There is no better feeling than having my name in history.

Garbiñe Muguruza

Muguruza has always done well in Mexico, where she has now won three of her ten titles.

“There is no better feeling than having my name in history. When I heard that the Finals were going to be played in Mexico, in Latin America. I told myself I had to go there and I did.”

Muguruza’s low point: Her stint on clay, crashing out at Roland-Garros

Her elimination in the first round of the French Open by Marta Kostyuk, 6-1, 6-4, was an embarrassment for the former winner of the tournament – her worst defeat at Roland-Garros.

A muscle injury in her left thigh, suffered in Charleston during her warm-up for Paris, had set her back. In the round of 16 of the WTA 500 in April, the pain forced her to withdraw from her match against Yulia Putintseva, despite a 6-0, 2-2 lead. She then skipped Madrid, meaning she played only one other match on clay in preparation for Roland-Garros – a round of 16 match in Rome, defeated by Elina Svitolina (6-4, 6-2).

Muguruza off the court

After winning the WTA Finals, Muguruza was received by the King and Queen of Spain, before attending the Vanity Fair Personality of the Year 2021 award, where she posed for the first time for the photographers with her partner, Arthur Borges, director of the costume division of the American brand Tom Ford. The next day, on 1 December, she was invited by Real Madrid to kick off the La Liga match between the club and Atletic Bilbao at the Santiago Bernabeu Stadium.

Garbiñe Muguruza on the field with Real Madrid (© Panoramic)

Muguruza on social media

Muguruza’s interests include fashion – hence the red carpets at plenty of glamorous parties – and she also posts on social media about some of the sunshine holidays she enjoys.

Muguruza’s self-assessment: ‘My best year’

“It is my best year – I have won more titles and I have reached more finals than ever before. I am at my best, in terms of my experience, calmness, solidity. I am happy, and it has shown. It has been a stressful tournament [the WTA Finals], I have reflected on myself a lot but I’ve turned it around like an ant, little by little. I’ve been able to be my friend and not put myself down. A while ago I wouldn’t have been able to do that.”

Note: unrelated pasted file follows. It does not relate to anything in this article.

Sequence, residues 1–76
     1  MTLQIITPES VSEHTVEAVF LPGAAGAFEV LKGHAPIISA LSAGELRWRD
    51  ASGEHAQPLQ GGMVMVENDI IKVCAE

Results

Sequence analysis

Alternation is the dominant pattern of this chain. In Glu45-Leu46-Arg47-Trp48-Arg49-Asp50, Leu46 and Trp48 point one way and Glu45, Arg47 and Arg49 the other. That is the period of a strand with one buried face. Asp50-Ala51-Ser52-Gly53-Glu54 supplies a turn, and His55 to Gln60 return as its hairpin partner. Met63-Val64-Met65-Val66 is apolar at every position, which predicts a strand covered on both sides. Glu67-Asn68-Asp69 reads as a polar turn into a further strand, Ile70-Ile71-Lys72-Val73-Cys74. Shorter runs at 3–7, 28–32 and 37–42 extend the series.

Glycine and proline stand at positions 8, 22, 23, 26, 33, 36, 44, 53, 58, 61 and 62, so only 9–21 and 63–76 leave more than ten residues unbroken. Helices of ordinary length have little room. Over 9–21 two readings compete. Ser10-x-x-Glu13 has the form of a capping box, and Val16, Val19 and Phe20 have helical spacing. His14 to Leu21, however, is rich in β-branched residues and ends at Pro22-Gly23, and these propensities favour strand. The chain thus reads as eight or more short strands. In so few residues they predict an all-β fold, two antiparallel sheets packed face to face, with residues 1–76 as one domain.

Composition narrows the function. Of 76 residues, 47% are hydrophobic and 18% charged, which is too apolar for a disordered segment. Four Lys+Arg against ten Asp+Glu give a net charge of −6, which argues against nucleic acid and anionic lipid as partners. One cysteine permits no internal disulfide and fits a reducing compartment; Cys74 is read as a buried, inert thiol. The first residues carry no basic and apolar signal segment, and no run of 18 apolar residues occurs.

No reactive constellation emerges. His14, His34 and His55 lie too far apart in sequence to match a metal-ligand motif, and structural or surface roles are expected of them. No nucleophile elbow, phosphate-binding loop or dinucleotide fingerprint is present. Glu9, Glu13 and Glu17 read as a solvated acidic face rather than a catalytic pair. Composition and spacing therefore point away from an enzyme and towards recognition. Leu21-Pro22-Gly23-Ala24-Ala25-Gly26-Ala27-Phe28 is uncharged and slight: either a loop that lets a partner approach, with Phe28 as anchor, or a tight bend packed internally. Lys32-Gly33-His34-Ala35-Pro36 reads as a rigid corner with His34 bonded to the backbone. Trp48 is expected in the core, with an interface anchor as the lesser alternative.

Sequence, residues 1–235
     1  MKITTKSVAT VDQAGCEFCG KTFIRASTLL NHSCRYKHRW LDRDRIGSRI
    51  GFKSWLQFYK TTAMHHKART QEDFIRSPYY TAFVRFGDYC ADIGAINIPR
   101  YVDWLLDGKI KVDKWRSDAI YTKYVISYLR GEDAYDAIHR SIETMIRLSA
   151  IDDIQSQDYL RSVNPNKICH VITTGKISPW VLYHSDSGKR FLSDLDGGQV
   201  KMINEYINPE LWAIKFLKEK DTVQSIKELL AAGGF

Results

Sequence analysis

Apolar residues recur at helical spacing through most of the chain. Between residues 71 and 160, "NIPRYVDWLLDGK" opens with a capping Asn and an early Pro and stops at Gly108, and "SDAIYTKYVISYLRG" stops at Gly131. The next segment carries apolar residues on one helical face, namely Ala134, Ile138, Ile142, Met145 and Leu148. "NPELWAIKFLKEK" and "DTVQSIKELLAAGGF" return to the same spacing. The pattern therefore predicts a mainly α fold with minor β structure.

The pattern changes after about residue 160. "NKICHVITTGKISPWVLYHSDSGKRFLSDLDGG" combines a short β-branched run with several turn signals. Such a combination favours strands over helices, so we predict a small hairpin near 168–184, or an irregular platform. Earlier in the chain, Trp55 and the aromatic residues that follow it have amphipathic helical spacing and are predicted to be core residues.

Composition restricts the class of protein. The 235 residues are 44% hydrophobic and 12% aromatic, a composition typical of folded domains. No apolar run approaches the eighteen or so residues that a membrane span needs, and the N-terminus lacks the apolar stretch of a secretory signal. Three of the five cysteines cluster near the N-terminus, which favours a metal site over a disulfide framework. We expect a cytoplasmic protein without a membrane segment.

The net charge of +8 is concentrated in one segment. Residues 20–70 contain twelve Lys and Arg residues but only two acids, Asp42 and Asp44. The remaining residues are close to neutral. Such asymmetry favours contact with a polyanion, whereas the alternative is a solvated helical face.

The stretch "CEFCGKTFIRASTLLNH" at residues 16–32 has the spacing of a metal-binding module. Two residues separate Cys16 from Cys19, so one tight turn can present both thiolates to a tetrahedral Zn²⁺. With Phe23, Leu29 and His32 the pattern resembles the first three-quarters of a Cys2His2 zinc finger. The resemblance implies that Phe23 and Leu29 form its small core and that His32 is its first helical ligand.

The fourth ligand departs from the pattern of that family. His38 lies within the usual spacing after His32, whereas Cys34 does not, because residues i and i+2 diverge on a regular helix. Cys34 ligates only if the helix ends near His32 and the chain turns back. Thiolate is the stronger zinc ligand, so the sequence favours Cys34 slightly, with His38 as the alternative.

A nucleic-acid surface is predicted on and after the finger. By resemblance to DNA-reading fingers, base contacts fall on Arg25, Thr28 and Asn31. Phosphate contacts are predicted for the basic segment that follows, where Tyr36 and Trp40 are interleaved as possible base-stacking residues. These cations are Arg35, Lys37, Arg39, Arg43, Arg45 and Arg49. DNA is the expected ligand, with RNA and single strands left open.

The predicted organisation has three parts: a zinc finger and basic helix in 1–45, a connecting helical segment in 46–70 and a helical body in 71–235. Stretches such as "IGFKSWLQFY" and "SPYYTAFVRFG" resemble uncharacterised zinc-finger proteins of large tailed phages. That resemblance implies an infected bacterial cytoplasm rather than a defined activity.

I’ve been able to be my friend and not put myself down. A while ago I wouldn’t have been able to do that.

Garbiñe Muguruza

Muguruza now wants to win more Grand Slams and feels she is in a good place to turn in an impressive 2022.

“There are more big titles to come. They are the tournaments that motivate me the most and make me ambitious. The ranking [of world No 1] was of its time and is always there, but I prefer the trophies now that I have lived both. Touching a trophy is the best feeling.”

Tennis Majors’s assessment

At 28, Garbiñe Muguruza has reached a new career goal by winning the WTA Finals and is back on top after several difficult years. In the past, she has struggled with expectations, but experience now helps her deal with pressure and setbacks.

In her second spell with Conchita Martinez, who coached her to a Wimbledon triumph in 2017, Muguruza looks much more fulfilled. Her results on hard court speak for themselves. With her power and quality of service, her goal of winning the two Grand Slams that are missing from her record is far from unthinkable – especially with the way she has played on hard courts in recent weeks. She will be one to watch in Melbourne.